Up, Up and Away!

Here’s a question for you that really bugs me:

A plane is standing on a runway that can move (some sort of band conveyer). The plane moves in one direction, while the conveyer moves in the opposite direction. This conveyer has a control system that tracks the plane speed and tunes the speed of the conveyer to be exactly the same (but in the opposite direction). Can the plane take off?

This question has been haunting the internet for some time now, but I didn’t see it until yesterday. I’d say it’s impossible for the plane to take off, but the great minds of the internet says that it will take off as a normal plane regardless of the conveyer belt. They’re also claiming that you’ll only need Physics 101 to solve the exercise…

Is this just case of human intuition being plain1 wrong – like the classic “do you swim slower in syrup than in water” – or have the great minds of the internet teamed up to confuse the rest of us?

Can someone explain this one to me? Preferably in a language that’s on my intellectual level. Baby language, perhaps.


  1. The pun, oh, the pun.

By Vegard Vines Skjefstad

8 replies on “Up, Up and Away!”

the reason why a plane takes off in the first place has to do with the shape of the wings. the upper side is more curved and thus the air travels longer to reach the other side. that creates a low pressure on the upper side of the wing and will lift the whole plane.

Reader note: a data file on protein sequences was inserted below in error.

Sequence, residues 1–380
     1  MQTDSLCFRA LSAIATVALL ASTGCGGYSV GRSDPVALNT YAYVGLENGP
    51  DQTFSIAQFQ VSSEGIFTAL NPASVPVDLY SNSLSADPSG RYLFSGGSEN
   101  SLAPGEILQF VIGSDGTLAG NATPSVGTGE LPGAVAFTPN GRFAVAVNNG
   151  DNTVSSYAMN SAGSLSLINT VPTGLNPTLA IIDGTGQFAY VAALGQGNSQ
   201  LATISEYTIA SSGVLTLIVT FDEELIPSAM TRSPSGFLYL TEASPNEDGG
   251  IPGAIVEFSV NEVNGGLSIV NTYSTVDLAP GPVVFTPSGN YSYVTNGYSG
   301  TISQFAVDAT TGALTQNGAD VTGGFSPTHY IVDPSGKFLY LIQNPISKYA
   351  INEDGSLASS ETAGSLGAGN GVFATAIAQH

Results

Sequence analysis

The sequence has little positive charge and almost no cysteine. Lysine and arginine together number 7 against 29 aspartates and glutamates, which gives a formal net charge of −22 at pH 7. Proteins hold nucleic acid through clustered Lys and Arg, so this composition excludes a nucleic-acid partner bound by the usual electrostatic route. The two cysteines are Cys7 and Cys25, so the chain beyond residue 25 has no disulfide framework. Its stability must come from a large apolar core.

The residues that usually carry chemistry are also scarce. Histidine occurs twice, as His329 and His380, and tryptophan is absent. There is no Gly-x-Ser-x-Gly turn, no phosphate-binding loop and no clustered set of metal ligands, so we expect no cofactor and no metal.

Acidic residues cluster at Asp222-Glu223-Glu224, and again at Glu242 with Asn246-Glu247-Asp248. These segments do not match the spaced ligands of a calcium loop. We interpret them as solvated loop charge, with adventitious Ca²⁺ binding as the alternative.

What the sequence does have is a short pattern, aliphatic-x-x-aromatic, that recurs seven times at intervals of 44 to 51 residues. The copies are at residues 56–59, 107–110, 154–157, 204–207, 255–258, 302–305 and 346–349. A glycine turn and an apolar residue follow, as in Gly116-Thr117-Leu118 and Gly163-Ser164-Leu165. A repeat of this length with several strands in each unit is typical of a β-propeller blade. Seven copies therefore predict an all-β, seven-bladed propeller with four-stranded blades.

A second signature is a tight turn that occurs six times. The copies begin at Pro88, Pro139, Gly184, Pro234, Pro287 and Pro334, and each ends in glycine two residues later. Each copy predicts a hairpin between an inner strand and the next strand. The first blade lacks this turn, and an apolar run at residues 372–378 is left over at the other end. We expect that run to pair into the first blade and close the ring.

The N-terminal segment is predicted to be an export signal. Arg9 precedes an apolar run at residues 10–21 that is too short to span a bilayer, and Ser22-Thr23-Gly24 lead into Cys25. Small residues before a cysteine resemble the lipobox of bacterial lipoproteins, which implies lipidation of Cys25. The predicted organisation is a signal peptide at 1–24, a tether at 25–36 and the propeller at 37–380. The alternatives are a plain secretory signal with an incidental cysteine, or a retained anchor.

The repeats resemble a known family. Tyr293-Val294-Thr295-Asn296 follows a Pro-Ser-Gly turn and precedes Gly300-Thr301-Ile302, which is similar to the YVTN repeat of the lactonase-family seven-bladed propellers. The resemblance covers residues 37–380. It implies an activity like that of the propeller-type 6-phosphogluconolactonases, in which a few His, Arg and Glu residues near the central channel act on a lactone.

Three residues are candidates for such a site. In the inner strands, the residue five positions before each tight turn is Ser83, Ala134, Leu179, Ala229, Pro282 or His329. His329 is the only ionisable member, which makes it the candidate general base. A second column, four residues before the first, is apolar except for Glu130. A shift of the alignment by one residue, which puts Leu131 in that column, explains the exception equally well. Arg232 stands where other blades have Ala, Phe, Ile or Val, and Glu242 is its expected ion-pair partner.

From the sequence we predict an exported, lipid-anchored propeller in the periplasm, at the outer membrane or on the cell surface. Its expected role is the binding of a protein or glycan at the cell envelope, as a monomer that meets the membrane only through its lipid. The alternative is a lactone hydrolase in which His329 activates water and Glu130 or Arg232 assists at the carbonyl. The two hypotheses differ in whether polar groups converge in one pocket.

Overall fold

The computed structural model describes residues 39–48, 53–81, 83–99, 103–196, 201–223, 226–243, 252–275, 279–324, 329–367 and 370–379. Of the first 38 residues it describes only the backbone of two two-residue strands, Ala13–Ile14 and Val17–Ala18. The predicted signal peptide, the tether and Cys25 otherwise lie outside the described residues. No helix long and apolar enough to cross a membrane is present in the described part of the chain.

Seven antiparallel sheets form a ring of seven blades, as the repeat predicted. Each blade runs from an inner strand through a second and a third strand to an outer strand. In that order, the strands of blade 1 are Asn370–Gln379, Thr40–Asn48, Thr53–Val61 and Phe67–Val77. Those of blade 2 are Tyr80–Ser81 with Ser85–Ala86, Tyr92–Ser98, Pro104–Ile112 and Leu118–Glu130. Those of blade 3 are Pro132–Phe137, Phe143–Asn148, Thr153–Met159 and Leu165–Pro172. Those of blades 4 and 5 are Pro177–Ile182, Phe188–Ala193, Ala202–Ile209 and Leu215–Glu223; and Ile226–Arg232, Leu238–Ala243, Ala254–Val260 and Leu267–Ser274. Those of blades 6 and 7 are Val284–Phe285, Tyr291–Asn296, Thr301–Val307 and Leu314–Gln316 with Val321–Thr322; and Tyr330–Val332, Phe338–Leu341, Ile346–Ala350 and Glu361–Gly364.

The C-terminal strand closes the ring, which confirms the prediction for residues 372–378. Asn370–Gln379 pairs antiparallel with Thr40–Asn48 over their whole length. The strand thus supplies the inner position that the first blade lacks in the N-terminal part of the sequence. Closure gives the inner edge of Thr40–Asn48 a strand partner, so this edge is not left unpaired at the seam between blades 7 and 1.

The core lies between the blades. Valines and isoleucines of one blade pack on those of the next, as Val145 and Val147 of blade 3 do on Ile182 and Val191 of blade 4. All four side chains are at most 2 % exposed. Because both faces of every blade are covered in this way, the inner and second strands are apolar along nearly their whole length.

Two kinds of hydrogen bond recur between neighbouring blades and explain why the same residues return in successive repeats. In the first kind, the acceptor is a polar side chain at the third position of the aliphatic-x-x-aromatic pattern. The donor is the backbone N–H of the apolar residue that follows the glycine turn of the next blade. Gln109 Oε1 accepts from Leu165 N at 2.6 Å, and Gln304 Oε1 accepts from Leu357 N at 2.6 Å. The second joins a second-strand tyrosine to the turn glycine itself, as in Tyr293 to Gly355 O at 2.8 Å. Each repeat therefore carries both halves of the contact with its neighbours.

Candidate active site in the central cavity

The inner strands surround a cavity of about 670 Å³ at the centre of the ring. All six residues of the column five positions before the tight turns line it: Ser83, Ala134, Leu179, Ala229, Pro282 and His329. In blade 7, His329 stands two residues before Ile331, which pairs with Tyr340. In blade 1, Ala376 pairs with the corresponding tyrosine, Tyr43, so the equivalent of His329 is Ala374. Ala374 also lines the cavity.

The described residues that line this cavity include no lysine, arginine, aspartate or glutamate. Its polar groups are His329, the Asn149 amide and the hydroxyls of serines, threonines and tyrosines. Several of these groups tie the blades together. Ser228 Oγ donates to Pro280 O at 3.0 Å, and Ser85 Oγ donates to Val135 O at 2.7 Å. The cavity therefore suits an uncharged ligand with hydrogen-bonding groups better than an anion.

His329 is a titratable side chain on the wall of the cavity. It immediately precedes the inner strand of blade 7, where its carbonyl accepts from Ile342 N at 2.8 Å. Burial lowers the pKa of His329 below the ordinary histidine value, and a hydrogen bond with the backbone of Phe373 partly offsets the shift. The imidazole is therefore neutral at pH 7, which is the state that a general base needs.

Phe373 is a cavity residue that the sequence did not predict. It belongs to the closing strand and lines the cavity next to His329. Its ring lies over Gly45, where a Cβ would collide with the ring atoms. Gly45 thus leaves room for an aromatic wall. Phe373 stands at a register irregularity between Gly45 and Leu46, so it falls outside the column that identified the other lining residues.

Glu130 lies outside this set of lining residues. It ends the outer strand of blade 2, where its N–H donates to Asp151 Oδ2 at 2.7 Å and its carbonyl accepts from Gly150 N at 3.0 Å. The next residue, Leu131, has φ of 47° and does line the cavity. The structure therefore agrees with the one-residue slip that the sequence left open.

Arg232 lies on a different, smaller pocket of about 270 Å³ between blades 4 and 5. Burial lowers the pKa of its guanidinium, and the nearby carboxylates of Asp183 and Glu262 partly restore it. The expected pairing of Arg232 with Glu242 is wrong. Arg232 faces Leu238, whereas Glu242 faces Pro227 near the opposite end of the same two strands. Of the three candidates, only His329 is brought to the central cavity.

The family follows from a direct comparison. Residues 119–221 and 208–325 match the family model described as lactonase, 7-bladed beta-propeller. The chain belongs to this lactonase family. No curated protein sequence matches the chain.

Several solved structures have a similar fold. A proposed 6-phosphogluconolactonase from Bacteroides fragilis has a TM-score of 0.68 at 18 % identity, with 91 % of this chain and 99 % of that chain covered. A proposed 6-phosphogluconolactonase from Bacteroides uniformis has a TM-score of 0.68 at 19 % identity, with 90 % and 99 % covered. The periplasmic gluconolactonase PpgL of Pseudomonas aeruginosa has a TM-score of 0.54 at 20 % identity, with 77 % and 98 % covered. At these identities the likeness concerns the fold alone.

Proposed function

I would therefore be so bold to say that the airplane on the conveyor belt would not lift off because it is stationary compared to the air around it.

Well, since a plane doesnt use the wheels for propulsion it would move almost as if the plane was running on a normal runway. The only thing would be that the wheels will spin twice as fast.

I see that some people on the great wide internet use the friction the wheels will produce to counteract the force the engines produce. In that scenario the plane would stay put, but the question posted is that the conveyor belt would try to move in the same speed as the plane itself. So if the plane on a normal surface would move 20kmph the conveyor belt would move 20kmph the oposite direction, resulting in the wheels of the plane spinning as if the plane where going 40kmph on a normal surface. That would not be enough friction to keep it standing still.

Hmm, I just thought of this, if the plane doesnt move because of the force the conveyer applies on the plane.. the conveyer cant move either. Because it clearly states that the conveyer moves at the same speed as the plane. So the final solution is this: the pilot has gone home and the conveyer is broken.

i totally agree with Klas..
the plane is moving on the ground, but the air would be still around it’s wings. If you were to use a bicycle on a conveyor belt, you would not feel the “wind in your hair” now would you?

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